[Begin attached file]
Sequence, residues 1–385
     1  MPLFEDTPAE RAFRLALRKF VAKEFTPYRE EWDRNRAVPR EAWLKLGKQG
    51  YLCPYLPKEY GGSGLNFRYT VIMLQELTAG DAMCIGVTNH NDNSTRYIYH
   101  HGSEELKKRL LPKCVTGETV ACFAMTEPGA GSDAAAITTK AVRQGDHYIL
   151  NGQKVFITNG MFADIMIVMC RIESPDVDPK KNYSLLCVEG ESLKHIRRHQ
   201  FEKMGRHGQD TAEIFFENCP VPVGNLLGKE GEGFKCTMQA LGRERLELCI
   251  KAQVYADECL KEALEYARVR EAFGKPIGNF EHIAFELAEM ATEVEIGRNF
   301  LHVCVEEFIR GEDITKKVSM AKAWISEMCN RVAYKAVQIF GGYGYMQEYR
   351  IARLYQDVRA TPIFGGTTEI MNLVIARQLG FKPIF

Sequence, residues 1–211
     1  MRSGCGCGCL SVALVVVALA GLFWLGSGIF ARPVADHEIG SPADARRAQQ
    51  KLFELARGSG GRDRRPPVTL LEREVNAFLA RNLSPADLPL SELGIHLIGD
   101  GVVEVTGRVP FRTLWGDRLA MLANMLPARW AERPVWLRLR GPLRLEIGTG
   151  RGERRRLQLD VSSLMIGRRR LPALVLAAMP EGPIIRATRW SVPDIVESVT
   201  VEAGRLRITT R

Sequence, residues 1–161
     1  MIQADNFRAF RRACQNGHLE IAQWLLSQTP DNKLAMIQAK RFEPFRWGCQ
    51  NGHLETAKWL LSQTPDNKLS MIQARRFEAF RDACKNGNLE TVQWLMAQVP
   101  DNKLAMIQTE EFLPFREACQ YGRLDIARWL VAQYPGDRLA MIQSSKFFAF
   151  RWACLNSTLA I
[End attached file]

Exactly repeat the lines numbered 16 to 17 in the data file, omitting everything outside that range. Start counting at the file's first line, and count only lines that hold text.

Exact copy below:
Sequence, residues 1–161
     1  MIQADNFRAF RRACQNGHLE IAQWLLSQTP DNKLAMIQAK RFEPFRWGCQ